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Total Hip Replacement - College of Veterinary Medicine - Texas ...

Total Hip Replacement - College of Veterinary Medicine - Texas ...

Total Hip Replacement - College of Veterinary Medicine - Texas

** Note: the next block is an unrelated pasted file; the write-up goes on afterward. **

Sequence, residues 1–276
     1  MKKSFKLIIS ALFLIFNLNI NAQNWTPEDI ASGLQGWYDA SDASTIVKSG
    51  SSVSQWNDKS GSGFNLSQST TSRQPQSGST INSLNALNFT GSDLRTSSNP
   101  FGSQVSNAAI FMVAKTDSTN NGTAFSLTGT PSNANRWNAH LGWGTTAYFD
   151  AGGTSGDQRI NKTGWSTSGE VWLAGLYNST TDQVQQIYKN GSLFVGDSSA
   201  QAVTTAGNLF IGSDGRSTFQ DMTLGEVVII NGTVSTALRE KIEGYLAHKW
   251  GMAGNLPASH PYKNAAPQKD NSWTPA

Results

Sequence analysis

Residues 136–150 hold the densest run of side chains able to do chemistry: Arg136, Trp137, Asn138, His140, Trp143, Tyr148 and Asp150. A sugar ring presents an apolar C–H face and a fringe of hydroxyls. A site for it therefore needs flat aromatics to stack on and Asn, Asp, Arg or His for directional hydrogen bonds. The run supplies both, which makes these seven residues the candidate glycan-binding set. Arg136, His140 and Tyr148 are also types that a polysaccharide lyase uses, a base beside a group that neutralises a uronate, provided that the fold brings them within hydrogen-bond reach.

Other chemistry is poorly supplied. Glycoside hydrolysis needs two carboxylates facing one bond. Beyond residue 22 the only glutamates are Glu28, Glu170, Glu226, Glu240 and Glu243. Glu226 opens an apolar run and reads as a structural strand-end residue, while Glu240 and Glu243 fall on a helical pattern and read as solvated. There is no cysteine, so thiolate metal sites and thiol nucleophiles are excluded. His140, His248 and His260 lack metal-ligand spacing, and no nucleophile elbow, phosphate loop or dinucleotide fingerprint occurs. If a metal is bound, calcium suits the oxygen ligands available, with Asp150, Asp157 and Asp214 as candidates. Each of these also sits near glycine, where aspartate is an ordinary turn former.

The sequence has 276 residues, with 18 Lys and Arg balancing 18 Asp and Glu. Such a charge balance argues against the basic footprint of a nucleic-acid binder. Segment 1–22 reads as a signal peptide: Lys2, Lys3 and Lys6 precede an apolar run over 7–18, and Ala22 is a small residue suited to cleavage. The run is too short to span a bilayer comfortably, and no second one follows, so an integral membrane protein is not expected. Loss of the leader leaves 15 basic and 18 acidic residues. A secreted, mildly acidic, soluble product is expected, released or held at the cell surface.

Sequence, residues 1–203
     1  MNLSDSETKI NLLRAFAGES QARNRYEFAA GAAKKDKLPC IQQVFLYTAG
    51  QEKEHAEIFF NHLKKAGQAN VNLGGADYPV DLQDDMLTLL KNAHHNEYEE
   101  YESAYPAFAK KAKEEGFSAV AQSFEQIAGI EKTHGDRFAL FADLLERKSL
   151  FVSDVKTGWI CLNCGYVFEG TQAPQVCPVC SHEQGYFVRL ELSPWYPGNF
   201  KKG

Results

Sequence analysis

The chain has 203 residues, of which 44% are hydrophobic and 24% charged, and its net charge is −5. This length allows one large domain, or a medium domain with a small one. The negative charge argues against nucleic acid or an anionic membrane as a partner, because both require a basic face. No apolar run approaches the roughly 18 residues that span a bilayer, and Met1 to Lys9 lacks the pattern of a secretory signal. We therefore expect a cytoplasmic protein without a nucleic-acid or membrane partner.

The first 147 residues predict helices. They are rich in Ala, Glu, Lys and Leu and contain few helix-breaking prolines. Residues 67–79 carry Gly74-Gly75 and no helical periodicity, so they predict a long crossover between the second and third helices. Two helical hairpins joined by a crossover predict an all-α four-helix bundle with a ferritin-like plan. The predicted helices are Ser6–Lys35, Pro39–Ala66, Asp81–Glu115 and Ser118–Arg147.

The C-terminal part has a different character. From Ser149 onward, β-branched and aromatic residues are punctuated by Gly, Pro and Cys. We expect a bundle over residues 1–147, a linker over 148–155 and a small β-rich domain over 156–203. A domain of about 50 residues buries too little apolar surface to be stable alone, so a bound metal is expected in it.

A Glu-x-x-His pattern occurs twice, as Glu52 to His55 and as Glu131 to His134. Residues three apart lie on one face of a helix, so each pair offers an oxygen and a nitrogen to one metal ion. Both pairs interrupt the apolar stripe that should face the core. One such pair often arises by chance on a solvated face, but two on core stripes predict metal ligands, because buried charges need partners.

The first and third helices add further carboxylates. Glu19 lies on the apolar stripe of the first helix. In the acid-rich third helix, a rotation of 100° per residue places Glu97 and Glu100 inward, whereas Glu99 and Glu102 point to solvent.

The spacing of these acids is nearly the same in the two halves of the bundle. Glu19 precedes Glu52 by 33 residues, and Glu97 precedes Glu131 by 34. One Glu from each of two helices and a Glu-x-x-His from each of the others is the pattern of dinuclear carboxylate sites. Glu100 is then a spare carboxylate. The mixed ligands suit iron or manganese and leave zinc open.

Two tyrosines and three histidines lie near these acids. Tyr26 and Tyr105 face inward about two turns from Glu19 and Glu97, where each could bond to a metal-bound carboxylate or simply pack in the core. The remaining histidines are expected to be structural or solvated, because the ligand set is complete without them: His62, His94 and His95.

What are the benefits of a total hip replacement? The main benefit of total hip replacement is the total relief of a painful hip joint. Dogs are very good at concealing pain, so once the affected hip joint is replaced, the dog’s activity and attitude improve dramatically. Once the pain and inflammation associated with surgery resolve, many dogs can discontinue the daily pain medications that were previously required to control the signs of hip pain and arthritis. Total hip replacement is the best surgical option for an arthritic, painful hip, but it does carry some risk. What are the risks of total hip replacement ? There are risks associated with any anesthesia and surgery. Your veterinarian or orthopedic surgeon will discuss these risks with you. The reported complication rate following total hip replacement in dogs is between 7 and 12%. With total hip replacement, it is critical that complications are identified and treated early. Complications can be minor, such as swelling at the incision site (seroma) or a low-grade infection of the skin surrounding the incision. However, there are three major complications that can lead to failure of the hip replacement and more surgery. These include: Dislocation of the prosthesis (luxation). Implant luxation occurs in approximately 2-4% of cases and usually occurs in the first 3 months after surgery. Dislocation of the implants may be corrected manually under anesthesia, but often a second surgery is required. Infection of the prosthesis. Infection of the prosthetic hip is a serious and An orthopedic surgery team performing a total hip replacement at Texas A&M University’s Veterinary Medical Teaching hospital. catastrophic problem. If the infection is limited to the skin and surgical wound, long-term antibiotics may control the problem. If the implants themselves become infected, removal of the entire hip replacement is required. Loosening of the prosthesis. Loosening can occur either due to low-grade infection or due to “aseptic loosening”, a condition in which the dog’s own body decides to reject the implant. Aseptic loosening occurs in 5-15% of cemented total hip replacements. If aseptic loosening develops, the prosthesis may have to be removed or replaced. Is total hip replacement permanent? In most dogs, the hip prosthesis will last for the dog’s life. In fact, studies have shown that 90-95% of dogs have good to excellent function with this procedure. Hip replacement provides years of pain-free activity that would otherwise not have been possible. With the arrival and use of newer implants such as the cementless total hip (also known as press-fit or BFX), the future looks promising for dogs of all ages and sizes that need total hip replacement. Department of Veterinary Small Animal Clinical Sciences College of Veterinary Medicine & Biomedical Sciences Texas A&M University 4474 TAMU College Station, TX 77843-4474 Tel 979.845.2351 Fax 979.845.6978 vmth.tamu.edu/saortho.shtml Client Information Series Total Hip Replacement Texas A&M University Veterinary Medical Teaching Hospital Orthopedic Surgery

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